• For concentrations involving business operators that are neither  in horizontal relationship nor in vertical relationship, the market  share of each of the parties to the concentration is less than 25%  in its market.
  • A business operator to the concentration establishes a joint  venture outside China which does not engage in any economic  activities in China.
  • A business operator to the concentration acquires equities or  assets of an overseas enterprise which does not engage in any  economic activities in China.
  • A joint venture that is jointly controlled by two or more business  operators will be controlled by one or more of such business  operators after the concentration.
  1. Exceptions to Simple Cases

Though the Interim Rules clearly outline the criteria for determining  simple cases, MOFCOM still retains considerable discretion in  assessing simple cases. According to Article 3, a concentration in any  of the following circumstances will not be treated as a simple case  (even if it satisfies the above criteria):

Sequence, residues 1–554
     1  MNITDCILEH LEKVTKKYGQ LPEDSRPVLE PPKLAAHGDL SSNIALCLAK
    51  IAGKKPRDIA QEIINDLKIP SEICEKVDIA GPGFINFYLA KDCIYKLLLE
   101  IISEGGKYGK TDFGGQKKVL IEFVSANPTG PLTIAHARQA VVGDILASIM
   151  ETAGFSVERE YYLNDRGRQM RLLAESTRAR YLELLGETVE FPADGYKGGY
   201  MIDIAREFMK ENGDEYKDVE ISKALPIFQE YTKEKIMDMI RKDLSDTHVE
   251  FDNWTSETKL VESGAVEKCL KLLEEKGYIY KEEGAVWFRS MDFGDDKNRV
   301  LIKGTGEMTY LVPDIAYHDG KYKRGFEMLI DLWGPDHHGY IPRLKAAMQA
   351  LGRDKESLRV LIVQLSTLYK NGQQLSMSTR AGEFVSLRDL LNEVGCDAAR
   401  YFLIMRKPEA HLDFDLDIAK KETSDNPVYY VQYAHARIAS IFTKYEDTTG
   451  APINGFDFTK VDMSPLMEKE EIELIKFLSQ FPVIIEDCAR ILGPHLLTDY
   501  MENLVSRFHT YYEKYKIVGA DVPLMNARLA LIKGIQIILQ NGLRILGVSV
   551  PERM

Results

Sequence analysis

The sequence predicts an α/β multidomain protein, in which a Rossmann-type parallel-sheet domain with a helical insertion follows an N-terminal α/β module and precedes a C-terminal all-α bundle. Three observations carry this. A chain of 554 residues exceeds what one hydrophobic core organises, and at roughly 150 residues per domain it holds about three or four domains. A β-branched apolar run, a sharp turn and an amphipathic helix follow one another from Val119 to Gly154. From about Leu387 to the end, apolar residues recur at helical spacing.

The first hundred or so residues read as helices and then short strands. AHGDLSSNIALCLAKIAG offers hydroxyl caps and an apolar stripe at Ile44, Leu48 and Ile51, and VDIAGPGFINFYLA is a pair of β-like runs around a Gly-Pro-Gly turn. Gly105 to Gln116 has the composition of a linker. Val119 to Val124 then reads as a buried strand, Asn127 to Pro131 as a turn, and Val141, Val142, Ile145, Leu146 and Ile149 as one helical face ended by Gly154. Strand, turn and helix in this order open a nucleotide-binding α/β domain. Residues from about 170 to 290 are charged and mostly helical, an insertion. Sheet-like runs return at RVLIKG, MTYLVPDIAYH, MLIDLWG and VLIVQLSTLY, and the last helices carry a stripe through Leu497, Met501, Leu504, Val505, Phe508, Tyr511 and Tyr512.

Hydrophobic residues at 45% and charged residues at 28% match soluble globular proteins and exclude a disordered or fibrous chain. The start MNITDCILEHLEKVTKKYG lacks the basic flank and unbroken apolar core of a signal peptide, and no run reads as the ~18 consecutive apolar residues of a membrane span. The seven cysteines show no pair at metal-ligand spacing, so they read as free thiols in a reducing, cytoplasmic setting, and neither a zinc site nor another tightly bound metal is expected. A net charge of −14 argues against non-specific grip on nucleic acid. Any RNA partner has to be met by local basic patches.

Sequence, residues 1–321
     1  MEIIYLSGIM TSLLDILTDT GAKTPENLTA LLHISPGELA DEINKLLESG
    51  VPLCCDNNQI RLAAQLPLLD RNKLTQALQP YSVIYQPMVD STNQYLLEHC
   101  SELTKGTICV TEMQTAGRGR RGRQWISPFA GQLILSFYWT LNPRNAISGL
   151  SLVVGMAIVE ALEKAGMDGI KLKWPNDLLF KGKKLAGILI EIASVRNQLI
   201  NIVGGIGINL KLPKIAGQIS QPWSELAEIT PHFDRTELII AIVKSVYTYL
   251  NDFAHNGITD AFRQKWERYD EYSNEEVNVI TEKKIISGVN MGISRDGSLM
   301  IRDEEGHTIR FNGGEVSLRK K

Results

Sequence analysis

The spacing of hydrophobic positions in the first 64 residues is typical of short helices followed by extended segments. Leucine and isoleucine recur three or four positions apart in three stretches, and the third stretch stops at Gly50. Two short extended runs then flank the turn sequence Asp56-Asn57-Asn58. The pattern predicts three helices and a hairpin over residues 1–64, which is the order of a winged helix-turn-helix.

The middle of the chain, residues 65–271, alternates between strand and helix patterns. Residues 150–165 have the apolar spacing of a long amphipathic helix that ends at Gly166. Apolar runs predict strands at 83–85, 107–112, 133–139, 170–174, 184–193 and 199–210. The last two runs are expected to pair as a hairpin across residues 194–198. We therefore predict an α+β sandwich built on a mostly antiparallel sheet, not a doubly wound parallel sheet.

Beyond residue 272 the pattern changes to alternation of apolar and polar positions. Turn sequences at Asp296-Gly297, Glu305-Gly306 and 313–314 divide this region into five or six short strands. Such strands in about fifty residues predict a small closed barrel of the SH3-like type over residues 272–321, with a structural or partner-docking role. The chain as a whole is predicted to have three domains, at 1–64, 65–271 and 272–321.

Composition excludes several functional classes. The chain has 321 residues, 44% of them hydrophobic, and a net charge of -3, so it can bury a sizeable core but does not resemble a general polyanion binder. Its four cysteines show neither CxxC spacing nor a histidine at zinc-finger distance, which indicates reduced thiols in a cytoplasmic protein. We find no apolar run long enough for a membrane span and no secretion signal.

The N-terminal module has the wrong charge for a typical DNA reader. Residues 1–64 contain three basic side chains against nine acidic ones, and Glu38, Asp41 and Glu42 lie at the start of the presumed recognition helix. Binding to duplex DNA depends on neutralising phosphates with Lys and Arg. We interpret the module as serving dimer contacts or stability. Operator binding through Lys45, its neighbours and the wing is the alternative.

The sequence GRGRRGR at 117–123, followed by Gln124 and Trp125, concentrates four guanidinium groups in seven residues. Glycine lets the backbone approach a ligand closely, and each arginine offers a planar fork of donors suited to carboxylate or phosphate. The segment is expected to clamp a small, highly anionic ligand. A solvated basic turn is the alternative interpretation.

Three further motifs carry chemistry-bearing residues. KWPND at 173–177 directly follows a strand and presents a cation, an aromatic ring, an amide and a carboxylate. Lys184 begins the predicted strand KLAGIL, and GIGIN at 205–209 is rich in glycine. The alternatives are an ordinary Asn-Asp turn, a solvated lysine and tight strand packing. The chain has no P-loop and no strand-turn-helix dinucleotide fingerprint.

• A joint venture controlled by two or more business operators  becomes controlled by one of such operators through  concentration and the joint venture competes with the controlling  operator in the same relevant market.
  • The relevant market related to the concentration is difficult to  define.
  • The concentration may have an adverse effect on market entry or  technology development.
  • The concentration may have an adverse effect on consumers or  other relevant operators.
  • The concentration may have an adverse effect on the  development of national economy.
  • Any other circumstances that will have an adverse effect on  market competition.